The first question to Sean McDermott on Monday was about a punter.
Sure, it might have been made partly in jest, considering the news of the day was a starting quarterback being named. But it still was a relevant topic.
The Bills made a somewhat surprising swap Sunday when they released Colton Schmidt, their punter the past four seasons, replacing him with rookie Corey Bojorquez, a waiver claim from the New England Patriots. On the surface, that’s not crazy. The Bills were clearly looking to make an upgrade from Schmidt, which they showed by signing former Seahawks punter Jon Ryan a few weeks ago.
Going the veteran route didn’t work – Ryan was released Saturday – so the team instead turned to a rookie who didn’t have so much as a single punt in the preseason for the Patriots.
“I thought I was going to end up on their practice squad, hopefully,” Bojorquez said Monday after his first practice with the Bills. “Not playing in the preseason, I thought, you know, there's no way a team is going to pick me up.”
So what did the Bills see in Bojorquez?
“He's got a strong leg,” McDermott said. “Obviously, you know, he came from New England -- had an interesting preseason. We look forward to getting him out on the field, getting him to work today and building that relationship that's so important with” kicker Stephen Hauschka and long snapper Reid Ferguson.
“I give credit to our scouting staff and the due diligence to be able to locate and target a guy that didn't do a lot on film in the preseason. But we were aware of what he could do coming out of college.”
Bojorquez averaged 45.1 yards on 116 punts while at New Mexico in 2016 and 2017. He had 45 punts inside the opponents' 20-yard line and 43 that traveled 50 or more yards. He said the Bills called him during the NFL Draft to confirm some information, but other than that he did not have contact with them until Sunday.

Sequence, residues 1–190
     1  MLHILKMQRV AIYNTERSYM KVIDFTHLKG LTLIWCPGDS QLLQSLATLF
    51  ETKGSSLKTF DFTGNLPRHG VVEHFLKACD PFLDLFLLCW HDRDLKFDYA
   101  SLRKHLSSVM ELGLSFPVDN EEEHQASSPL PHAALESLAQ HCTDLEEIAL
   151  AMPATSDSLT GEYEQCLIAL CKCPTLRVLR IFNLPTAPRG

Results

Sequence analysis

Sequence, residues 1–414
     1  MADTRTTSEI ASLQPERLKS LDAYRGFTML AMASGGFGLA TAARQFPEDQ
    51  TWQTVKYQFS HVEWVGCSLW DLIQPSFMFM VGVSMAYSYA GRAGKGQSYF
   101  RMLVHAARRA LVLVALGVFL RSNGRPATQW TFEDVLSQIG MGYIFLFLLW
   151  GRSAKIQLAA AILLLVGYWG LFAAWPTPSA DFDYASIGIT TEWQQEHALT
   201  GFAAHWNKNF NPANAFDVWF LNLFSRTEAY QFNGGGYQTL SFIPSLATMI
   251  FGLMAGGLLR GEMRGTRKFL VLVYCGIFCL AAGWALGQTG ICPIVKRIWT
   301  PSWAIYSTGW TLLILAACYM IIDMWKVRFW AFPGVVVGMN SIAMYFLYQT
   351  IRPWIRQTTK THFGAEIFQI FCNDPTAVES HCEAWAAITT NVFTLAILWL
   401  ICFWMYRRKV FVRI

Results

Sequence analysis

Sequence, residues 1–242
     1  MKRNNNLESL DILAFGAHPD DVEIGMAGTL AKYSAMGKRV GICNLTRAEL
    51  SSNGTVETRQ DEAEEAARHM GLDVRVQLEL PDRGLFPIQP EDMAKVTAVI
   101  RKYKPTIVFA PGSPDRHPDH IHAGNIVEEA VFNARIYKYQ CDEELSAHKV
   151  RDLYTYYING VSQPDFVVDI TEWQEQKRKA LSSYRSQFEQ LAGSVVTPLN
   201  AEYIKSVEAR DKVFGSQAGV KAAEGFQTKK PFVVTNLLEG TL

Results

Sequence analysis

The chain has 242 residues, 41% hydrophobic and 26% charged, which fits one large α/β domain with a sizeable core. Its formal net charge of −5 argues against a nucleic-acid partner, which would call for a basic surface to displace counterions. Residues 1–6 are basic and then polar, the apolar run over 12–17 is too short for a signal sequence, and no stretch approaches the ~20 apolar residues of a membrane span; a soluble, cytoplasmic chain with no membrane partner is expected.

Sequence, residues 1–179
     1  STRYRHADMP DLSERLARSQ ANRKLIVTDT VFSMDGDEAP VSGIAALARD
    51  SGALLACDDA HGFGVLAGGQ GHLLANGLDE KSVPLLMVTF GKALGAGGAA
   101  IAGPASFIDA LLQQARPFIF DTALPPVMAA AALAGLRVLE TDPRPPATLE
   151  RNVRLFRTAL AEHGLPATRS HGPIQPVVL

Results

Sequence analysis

“It was a surprise,” he said. “Next thing I know, I'm heading back to the hotel, packing up and I'm flying to New York. It's pretty cool.”
McDermott confirmed that Bojorquez will hold for kicker Stephen Hauschka. That gives him just four practices to develop a good chemistry with Hauschka.
‘It's part of the relationship between a punter and a kicker that's got to come along fairly fast at this point in time, “McDermott said. So General Manager Brandon Beane “and I are aware of that. We'll just continue to monitor how that flows through this week, and we'll go from there.”
Bojorquez didn’t sound overly concerned about getting up to speed as the punter.
“I've done it since high school,” he said. “A lot of people for whatever reason have a lot of concern with me holding, saying I haven't done it and stuff, which I don't understand. … New Mexico, I held my junior year in a couple games, but they had a punter there before me that held for the last three years, and the kicker was comfortable with him. Then I held my senior year. When I was with the Patriots, I held for Gostkowski there, so it wasn't anything new. Like, I've held since I started playing football.
“It's putting the laces where Stephen wants it at. That's all it is.”
Bojorquez said he was disappointed not to get on the field in preseason for the Patriots, but respected the decision. In hindsight, it seems obvious the Patriots were trying to hide Bojorquez, or at least keep him as under the radar as possible. New England coach Bill Belichick said only that “opportunities to play have to be earned.”
“Ultimately it's their decision, there's nothing I can do about it,” Bojorquez said. “I'm not going to sit and complain about it, I'm just going to keep working and get myself better.”
“This team has given me the opportunity, so I'm going to make the most of it.”